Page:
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[whitespace] Hillary Freeman Mic Slight: Hillary Freeman says she didn't do anything wrong when she asked questions at a Palo Alto council meeting.

Gag Order

The first post-election meeting of Palo Alto's more ethnically diverse City Council got off to a rocky start last week when newly elected mayor VIC OJAKIAN cut off council newcomer HILLARY FREEMAN, the first African American woman ever elected to Palo Alto's council, before she managed to get her first few sentences out. Freeman finished first in the field last November, three places ahead of incumbent Councilmember Ojakian, who nonetheless rounded up the five council votes needed to snare the mayor's gavel. The neophyte politico looked taken aback when Ojakian used his gavel to prevent her from asking questions about a Stanford development project, citing what he said were procedural rules. Her eyebrows darted up even higher moments later when Mayor O-Jak allowed Councilmember Nancy Lytle to ask the same questions. "Mr. Mayor," Freeman said pointedly after regaining the microphone, "let me see if this question will be allowed." Ojakian finally let Freeman have her say, which included her remarking that by that time her questions and ideas had mostly been covered by other members. Contacted after the meeting by Eye, Freeman shrugged off the slight, noting that it was also Ojakian's first night as mayor. "We're both just learning our respective roles. He has a learning curve, too." Added Freeman, "[The mayor] changed his mind [as to how questions should be posed] midway in the process, but I don't think it was malicious in intent." Ojakian acknowledged to the Eye that he's new at the job, but he explained, "I was trying to set some parameters to make meetings run more efficiently. We have to keep questions to the point and move through issues." Freeman, however, rejects Ojakian's insinuation that she was unfamiliar with council rules and procedures. "I didn't think I did anything wrong," she said. Although gracious, Freeman did fire off a warning shot about what might happen if the mayor makes a habit of stuffing a sock in her mouth. "If in the future this happens again," she vowed, "I would question it; I would comment on it."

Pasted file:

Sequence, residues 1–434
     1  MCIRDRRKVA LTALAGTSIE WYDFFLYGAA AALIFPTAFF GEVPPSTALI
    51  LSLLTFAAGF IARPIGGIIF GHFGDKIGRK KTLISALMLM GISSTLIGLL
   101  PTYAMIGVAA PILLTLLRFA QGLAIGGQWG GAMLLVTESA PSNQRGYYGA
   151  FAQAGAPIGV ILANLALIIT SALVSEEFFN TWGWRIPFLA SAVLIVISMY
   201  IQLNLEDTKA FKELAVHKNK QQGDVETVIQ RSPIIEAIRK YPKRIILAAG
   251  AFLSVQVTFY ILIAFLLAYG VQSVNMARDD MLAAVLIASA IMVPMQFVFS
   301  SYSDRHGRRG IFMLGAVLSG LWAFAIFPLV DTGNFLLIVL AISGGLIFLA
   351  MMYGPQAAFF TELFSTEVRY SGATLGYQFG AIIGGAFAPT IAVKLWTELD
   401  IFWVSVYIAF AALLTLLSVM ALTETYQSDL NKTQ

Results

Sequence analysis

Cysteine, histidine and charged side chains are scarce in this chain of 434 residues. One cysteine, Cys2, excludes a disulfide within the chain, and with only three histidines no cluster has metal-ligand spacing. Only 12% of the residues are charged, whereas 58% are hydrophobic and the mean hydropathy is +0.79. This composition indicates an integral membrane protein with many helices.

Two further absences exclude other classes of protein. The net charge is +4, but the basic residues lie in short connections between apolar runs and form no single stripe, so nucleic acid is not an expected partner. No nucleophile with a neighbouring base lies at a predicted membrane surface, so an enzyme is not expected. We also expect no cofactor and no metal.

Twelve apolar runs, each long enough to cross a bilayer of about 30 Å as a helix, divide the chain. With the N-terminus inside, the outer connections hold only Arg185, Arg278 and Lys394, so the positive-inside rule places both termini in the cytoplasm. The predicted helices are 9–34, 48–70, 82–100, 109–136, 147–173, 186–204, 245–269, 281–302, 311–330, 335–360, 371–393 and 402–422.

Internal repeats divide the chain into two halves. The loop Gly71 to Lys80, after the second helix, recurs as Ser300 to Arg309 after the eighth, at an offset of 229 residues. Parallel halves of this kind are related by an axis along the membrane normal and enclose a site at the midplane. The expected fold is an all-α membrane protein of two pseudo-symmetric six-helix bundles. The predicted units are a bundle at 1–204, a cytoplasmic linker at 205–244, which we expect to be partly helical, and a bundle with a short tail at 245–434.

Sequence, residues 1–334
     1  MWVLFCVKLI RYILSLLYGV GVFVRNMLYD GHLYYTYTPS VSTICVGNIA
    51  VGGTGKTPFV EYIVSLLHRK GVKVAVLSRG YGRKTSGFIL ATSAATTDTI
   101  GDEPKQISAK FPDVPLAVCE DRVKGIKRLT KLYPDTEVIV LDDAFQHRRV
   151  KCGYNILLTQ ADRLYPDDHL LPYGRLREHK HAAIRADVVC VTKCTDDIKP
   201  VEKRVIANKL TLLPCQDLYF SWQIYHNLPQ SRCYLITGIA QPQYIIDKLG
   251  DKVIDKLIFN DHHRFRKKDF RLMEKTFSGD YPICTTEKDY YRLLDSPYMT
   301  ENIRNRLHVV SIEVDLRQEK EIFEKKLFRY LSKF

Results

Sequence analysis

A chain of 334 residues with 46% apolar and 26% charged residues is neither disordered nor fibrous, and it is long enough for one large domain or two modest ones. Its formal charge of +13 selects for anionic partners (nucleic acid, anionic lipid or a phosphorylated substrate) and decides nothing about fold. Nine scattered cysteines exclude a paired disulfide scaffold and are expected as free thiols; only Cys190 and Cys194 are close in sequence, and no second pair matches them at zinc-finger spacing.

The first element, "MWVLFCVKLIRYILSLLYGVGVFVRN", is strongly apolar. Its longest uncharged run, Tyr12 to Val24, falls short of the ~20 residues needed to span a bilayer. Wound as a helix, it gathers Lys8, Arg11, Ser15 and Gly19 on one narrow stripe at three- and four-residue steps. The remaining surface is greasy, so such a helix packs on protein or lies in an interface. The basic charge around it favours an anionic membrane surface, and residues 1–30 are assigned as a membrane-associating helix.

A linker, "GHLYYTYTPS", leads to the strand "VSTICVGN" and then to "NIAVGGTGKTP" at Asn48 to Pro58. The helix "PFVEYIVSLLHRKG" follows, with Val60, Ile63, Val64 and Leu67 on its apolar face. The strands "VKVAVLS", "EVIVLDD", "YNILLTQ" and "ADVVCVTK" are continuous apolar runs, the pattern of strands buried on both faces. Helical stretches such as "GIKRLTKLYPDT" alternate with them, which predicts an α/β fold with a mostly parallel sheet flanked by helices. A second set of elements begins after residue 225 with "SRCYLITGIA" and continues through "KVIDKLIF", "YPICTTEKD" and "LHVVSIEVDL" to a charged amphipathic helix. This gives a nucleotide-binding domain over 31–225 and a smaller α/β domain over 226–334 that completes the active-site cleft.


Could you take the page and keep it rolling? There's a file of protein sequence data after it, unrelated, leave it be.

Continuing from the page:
Spell Check

City officials in Campbell are correcting a typo that's been on the map for decades. Since the 1920s, McGlincey Lane has been the name of the quiet street just west of Highway 17. Trouble is, it's named for the McGlincy family, which lived on a farm near what became their eponymous street in the late 19th century. But the misspelling isn't the worst thing that happened to the McGlincys. Four family members and two friends were murdered one summer night in 1896. For almost a century, it was the worst mass murder in South Bay history. But in memorializing the family, someone added an extra "e" to the street name about 50 years ago. "I've been wanting it changed for years," says Campbell Mayor JEANETTE WATSON, who leads a double life as the city's historian. A city commission recently recommended making the change official, street signs and all, and the proposed correction goes to the City Council for approval next month.

An Officer and a Chief

Before he rose to the top, SJ Police Chief BILL LANSDOWNE spent three years as a downtown beat officer. The experience came in handy Jan. 14, when the chief, tuned into the police radio while driving downtown, heard another officer call for assistance with a combative suspect who'd been nabbed smoking crack in a hidden alley near Third and Santa Clara. "I heard the call, and it's kind of hard to find if you don't know exactly where you're going," says Lansdowne, who arrived in time to help Capt. CRAIG BUCKHOUT handcuff the suspect. Lansdowne says he always keeps the radio on when he's driving around and sometimes responds to calls. "It's not the first time," he says.

Promo No-No